Published online 3 September 2008 | Nature 455, 15 (2008) | doi:10.1038/455015a

Column: Party of One

Big data: Data wrangling

Collecting and releasing environmental data have stirred up controversy in Washington, says David Goldston, and will continue to do so.

Data sound like a grey, non-partisan and unemotional topic for political discussion. But decisions on what data to collect and release for use in research or policy-making are hardly neutral in their impact. This may be clearest in the arena of environmental policy, where hard-fought disputes over the collection and dissemination of data frequently break out. Indeed, perhaps the only thing politicians agree on about environmental data is that more data are always better — in theory.

Maybe only in theory. One of the continuing debates has been over how much data collection to fund. Although advocates on both right and left frequently call for more data — if sometimes just to delay decision-making — sensors that measure such matters as air and water quality are often the first items to be cut when budgets get tight. And efforts to develop a set of environmental indicators that would be regularly updated — something akin to economic statistics — have not got very far. This can be seen in the second State of the Nation's Ecosystems report (www.heinzcenter.org/ecosystems), released in June by the Heinz Center, a private think tank in Washington DC. Although the report includes many environmental measurements, it is chock-full of lists of subject and geographical areas for which few if any data exist. Indeed, a companion volume urges a significant expansion of federal funding for environmental indicators.

Such an expansion, though warranted, seems unlikely any time soon. Politicians like to talk about the need for more data, but it is rarely anyone's top priority. In fact, when the Bush administration responded to the Heinz report by announcing that it would put more money into indicators — a move only symbolic this late in its term — one environmental organization took the White House to task for spending money on measuring pollution rather than cleaning it up. Broad data collection not connected to any single controversy isn't very sexy and must compete with many related activities presumed to have more immediate impact (although it may be hard to tell without the data). Even when instrumentation is regularly funded, as some kinds of satellites are, money is often lacking to maintain the data or to make them sufficiently accessible or digestible.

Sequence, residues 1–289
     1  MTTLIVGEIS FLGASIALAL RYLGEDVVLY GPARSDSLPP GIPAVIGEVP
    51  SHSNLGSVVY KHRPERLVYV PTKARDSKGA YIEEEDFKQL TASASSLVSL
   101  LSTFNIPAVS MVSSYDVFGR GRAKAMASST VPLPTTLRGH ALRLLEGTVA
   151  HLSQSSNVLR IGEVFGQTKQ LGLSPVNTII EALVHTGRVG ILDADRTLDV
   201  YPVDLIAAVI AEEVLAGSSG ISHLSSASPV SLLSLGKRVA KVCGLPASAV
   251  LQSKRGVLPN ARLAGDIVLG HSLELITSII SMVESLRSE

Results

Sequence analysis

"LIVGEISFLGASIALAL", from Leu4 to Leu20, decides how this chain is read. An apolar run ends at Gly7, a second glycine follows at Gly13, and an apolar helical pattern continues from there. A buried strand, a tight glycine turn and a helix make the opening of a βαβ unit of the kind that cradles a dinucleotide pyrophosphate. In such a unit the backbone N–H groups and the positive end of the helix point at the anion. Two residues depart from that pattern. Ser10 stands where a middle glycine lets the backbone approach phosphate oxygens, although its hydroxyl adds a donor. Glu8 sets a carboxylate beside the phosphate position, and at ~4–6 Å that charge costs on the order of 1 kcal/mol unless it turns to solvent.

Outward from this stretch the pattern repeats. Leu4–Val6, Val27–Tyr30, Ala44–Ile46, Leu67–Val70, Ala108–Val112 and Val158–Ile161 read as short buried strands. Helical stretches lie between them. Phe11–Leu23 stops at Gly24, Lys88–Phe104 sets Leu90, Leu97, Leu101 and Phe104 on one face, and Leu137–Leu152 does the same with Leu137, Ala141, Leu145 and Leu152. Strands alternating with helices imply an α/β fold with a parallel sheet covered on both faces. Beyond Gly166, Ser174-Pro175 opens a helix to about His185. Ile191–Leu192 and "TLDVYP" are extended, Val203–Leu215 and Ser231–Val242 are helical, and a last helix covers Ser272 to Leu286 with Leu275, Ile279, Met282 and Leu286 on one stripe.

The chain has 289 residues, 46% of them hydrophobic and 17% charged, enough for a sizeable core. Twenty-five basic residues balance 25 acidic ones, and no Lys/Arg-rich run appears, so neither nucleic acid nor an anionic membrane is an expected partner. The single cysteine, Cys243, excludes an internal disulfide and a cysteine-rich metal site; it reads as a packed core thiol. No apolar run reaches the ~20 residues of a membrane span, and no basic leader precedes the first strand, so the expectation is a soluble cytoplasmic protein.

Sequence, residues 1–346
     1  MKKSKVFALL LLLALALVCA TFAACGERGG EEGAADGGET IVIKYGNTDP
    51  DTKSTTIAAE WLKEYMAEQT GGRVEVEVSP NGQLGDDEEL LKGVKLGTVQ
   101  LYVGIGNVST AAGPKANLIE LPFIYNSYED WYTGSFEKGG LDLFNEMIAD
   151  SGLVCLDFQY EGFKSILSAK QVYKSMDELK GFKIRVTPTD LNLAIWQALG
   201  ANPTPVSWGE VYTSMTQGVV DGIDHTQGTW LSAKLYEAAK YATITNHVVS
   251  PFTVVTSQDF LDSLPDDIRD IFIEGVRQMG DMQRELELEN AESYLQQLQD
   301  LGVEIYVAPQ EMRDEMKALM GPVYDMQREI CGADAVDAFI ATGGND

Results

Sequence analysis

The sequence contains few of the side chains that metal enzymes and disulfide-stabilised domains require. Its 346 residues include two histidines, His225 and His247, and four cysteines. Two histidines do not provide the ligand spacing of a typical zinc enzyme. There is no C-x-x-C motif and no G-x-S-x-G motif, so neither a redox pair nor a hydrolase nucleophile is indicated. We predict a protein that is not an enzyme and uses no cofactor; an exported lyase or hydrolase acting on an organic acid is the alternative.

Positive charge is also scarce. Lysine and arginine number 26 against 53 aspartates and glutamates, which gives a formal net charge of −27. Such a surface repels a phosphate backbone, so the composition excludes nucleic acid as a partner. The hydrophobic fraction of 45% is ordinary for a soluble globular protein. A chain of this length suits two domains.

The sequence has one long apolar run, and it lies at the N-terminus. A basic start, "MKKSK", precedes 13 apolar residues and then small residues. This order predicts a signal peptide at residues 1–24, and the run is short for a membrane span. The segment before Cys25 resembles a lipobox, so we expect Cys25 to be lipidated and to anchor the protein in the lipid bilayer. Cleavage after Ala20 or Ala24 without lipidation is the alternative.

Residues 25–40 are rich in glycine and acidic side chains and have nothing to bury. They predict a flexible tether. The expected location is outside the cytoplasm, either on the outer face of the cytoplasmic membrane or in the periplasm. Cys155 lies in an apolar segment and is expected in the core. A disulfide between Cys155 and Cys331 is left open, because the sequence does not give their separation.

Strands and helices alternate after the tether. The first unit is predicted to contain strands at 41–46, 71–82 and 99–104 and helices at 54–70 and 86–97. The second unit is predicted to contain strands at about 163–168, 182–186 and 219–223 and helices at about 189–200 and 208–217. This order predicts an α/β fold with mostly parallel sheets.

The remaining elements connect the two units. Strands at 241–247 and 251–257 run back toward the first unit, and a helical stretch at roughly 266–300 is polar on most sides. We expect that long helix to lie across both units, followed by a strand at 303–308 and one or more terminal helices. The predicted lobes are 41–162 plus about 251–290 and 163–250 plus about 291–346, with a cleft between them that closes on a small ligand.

And if data collection and processing were to be institutionalized, another ongoing debate would have to be resolved — how insulated the operations should be from politics. For years, there has been talk of establishing a Bureau of Environmental Statistics (BES), which would not only gather data but also analyse them. Data are never as straightforward a matter as they seem; just deciding what information to collect involves judgements about what's important. You don't measure, say, pesticide levels in food unless you think they're a problem. And deciding that a problem exists is different from deciding what to do about it. The frequently heard claim that 'the data speak for themselves' has to be one of the most misleading sentences in the English language.